Thorens Acoustic Machines
(I don't own)

Hermann Thorens SA St Cross

 (This is my translation of the Thorens portion of this Swiss page: --with many additions as noted by square brackets [].)

In the 16 industrial buildings which were built over the years, the internal combustion engine, which in 1883 generously developed 7 HP, gave way to an installed electric generator supplying the 2000 kW needed to spread around the world some 2 to 3 million components and phonographs. Thorens employed in 1928/30 1200 workers and employees.


Commercial representatives in New York - London - Paris-Brussels-Milan-Frankfurt-Nuemberg-Amsterdam-Copenhagen-Oslo-Stockholm-Helsinki-Lisbon-Madrid-Athens-Alger-Antananarivo-Johannesburg-Sao Paulo-Buenos Surface-Caracas-Mexico City-Sydney.

 [The below is a picture of Sainte-Croix, the Thorens –factory (about 1950) “Journal of Mechanical Music” Spring 2001 page 31]

Cylinder Phonographs

Thorens in 1902 launched their 1st cylinder machines—which were essentially variations of the American models of the time with harp-shaped sides and aluminium construction. [editor's note: in particular the machine below looks like an American Columbia "Q" Graphophone]

[Here is an example from Roy Jones: <<>>.  It looks like the Thorens "Minerva" as shown below.]


[Picture submitted to by Rolf C. Olsen, Tonsberg, Norway]

[A machine definitely identified by the collector as a Minerva from the website <<>>]


This phonograph allowed the playing of each of 6 cylinders when placed in a special housing.  (Collection of P. Caluwé) [editors note: looks like a coin-op mechanism, source]


[And here is a Thorens "Cleopatra" cylinder player from Jean-Paul Agnard.  I also have one and it is shown on my main page.  This machine is interesting as it can be wound left or right handed.]

[Rainer Urich also has one although he calls it a UK machine (all Cleopatras have a London badge) but then admits the mechanism is Thorens so it should be a Swiss machine.]

[From the website <<>>  this is a 'Sylvia "C"'.]

Here is another Sylvia C from eBay, 2013:

[Manfred Unger of Germany, sent the following picture of his 'Sylvia "B"'.  He has a great website at <<>>.]

sylvia b

Disc Gramophones

After 1914 there were a wide variety of talking machines with floral housing, being the fashion matching the furniture and home interiors which were richly decorated. These machines could play up to ten 12 inch (30 cm in diameter) discs depending on the model, as some had up to 4-spring motors.

Thorens "Bijou" from 1907 [Editor's notes: the reproducer is turned to play 'hill-and-dale' like Pathè; the 1907 Thorens catalog here lists the Bijou as a much more primitive machine--the owner must be using the name on the reproducer as the model ID.]


More ornate Thorens from 1914 [Editor's notes: reproducer now turned to play lateral-cut like Victor/Columbia; I am unable to match this machine up with any model from the Thorens 1914 catalog here.]

[Below is another machine from <<>> that is also labeled as a Thorens 'Bijou' but dated 1906.  It is very much like the 'No. 3 Bijou' in the Thorens catalog identified as being from 1910 here.]

[Original text: One of the first gramophones made in Switzerland: The "Bijou" by Thorens
The wooden cabinet is similar like the Music Boxes of this time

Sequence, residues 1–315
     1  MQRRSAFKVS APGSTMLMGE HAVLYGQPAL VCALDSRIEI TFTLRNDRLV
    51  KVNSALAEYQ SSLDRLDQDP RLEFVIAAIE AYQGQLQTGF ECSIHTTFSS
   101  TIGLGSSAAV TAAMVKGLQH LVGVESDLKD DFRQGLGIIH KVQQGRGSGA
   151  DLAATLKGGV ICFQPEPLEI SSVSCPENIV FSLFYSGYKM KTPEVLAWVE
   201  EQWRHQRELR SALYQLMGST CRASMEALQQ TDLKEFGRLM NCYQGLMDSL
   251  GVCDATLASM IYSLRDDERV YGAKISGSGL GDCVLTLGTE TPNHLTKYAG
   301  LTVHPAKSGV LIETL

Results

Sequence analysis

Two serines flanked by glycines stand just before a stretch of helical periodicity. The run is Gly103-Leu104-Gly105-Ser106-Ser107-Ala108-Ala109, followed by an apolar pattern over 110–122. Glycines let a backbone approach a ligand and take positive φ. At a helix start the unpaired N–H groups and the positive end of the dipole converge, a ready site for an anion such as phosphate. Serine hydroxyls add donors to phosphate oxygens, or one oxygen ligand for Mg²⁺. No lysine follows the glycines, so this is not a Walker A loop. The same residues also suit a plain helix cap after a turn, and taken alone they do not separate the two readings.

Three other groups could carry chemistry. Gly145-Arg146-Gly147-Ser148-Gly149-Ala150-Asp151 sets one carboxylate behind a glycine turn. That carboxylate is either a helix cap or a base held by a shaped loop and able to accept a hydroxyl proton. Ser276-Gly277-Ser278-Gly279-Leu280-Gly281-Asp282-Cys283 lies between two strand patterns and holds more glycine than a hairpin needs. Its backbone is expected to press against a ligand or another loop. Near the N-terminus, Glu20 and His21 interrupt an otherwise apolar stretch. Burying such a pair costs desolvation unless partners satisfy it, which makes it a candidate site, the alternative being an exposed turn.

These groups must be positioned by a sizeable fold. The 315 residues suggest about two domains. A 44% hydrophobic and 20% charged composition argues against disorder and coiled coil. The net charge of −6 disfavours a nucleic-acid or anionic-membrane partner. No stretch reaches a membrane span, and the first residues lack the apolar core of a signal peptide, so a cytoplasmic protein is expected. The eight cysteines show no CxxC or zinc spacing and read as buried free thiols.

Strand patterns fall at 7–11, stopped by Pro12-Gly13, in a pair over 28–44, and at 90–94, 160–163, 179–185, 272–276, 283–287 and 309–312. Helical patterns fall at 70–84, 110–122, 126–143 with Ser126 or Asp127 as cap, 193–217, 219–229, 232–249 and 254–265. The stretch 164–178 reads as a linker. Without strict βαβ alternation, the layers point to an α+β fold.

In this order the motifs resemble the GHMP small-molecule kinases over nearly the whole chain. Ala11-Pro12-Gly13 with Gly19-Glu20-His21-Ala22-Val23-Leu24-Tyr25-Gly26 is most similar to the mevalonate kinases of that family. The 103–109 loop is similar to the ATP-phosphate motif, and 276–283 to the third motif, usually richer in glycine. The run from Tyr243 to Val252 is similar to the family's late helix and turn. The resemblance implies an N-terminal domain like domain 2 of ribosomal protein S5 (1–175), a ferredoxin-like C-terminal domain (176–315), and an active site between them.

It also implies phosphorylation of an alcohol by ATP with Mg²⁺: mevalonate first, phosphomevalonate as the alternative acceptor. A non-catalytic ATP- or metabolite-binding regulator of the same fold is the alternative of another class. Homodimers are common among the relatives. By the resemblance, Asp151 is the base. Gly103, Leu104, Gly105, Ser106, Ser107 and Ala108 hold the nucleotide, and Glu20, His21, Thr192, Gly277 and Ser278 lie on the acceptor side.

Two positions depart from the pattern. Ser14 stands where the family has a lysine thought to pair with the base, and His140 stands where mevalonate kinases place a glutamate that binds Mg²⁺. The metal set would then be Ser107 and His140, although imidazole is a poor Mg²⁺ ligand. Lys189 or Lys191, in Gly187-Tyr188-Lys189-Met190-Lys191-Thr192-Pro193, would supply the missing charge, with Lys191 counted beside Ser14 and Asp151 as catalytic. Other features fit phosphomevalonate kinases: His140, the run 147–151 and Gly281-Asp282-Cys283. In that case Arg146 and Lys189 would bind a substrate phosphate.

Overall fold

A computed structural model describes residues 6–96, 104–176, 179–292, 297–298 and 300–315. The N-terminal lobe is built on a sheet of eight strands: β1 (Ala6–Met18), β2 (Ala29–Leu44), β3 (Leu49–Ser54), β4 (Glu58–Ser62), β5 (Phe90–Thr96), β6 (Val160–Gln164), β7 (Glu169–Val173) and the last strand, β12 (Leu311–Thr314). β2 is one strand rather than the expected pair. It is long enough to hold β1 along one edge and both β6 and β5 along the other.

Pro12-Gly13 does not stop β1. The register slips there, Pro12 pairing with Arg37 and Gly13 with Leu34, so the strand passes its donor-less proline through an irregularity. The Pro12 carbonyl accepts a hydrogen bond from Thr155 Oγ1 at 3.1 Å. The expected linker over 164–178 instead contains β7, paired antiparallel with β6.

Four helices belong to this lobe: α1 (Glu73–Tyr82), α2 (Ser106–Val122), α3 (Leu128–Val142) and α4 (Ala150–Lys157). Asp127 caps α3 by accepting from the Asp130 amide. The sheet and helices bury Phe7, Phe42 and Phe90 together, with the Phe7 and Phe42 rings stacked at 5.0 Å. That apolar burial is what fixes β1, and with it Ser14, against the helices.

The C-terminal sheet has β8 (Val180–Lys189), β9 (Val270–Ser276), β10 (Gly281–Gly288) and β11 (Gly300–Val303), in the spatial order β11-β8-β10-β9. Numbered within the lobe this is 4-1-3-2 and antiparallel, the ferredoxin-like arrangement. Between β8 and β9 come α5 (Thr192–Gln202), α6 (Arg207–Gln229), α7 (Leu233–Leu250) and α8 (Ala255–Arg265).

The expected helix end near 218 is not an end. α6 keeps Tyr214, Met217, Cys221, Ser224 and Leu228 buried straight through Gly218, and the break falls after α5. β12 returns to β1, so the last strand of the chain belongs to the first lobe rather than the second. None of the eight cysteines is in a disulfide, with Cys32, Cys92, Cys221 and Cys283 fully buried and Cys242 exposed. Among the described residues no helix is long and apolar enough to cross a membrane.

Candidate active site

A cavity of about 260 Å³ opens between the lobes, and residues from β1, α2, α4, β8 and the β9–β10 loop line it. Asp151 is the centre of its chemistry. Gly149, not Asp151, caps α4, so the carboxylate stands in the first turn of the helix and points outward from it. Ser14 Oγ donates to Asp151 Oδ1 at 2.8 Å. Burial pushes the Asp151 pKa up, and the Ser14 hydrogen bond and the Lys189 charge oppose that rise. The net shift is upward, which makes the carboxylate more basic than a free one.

The key is build in the tradition of clock-work-makers
The unusual Soundbox made by Thorens]


[ From the website <<>> this is a 'Helvétia' also from 1906.  Note that it looks to be coin operated.   There is a Helvetia in the Thorens 1907 catalog here and a more appropriate 'No. 316 Helvetia' in the Thorens 1914 catalog here.]

Excelda Portable Gramophones

Minimal footprint in the form of a camera. The 1st model dating from 1935 was available only in black with wooden housing and mica diaphragm. From 1942 available in black, red, green, grey, blue and brown with metal housing. All finishes are in cracked painting of the most beautiful effect. End of production was 1947. There exists a Russian copy of this device. 

[editor's note: the early black machine has the mica diaphragm, while my machine has a later, metal 'orthophonic' style reproducer.  I have pictures of the Russian one here.]



Suitcase gramophone Thorens foldable design: walnut, mahogany, imitation leather and natural leather.


[Below is another machine from <<>> that is also labeled as a 'Graphonette' and dated 1925.  Note the 'Argentin Concert Sound Box' sound box instead of 'Sonata'.]

Thorens Needle Tins


[I have a larger collection here]

Foreign brands

Foreign brands bought complete machines or components from Thorens. Perophone was the trademark of Vermon Lockwood Manufacturing Company of
London which since the 1910s successfully distributed Columbia gramophones.  In the early 20s, the portable Pixie Grippa had mechanics that came from Thorens. Perophone distributed under its own name, boxes of needles always represented by a race dog race with a disc in its mouth. [ editor's note: According to Moogk in Roll Back the Years (1974), "Meanwhile, the sales of portable gramophones, first promoted during the war years, rose to new heights in 1926...Mason & Risch of Toronto was Canadian representative for the Pixie Grippa, which was available to the retailer for $13."]

[End  of Swiss page.]

Picture of various Thorens reproducers from  ::the website <<>>

Unknown portable:

As mentioned elsewhere, I have made available the 1907, 1910 and 1914 Thorens catalogs reprinted by the City of London Phonograph and Gramophone Society.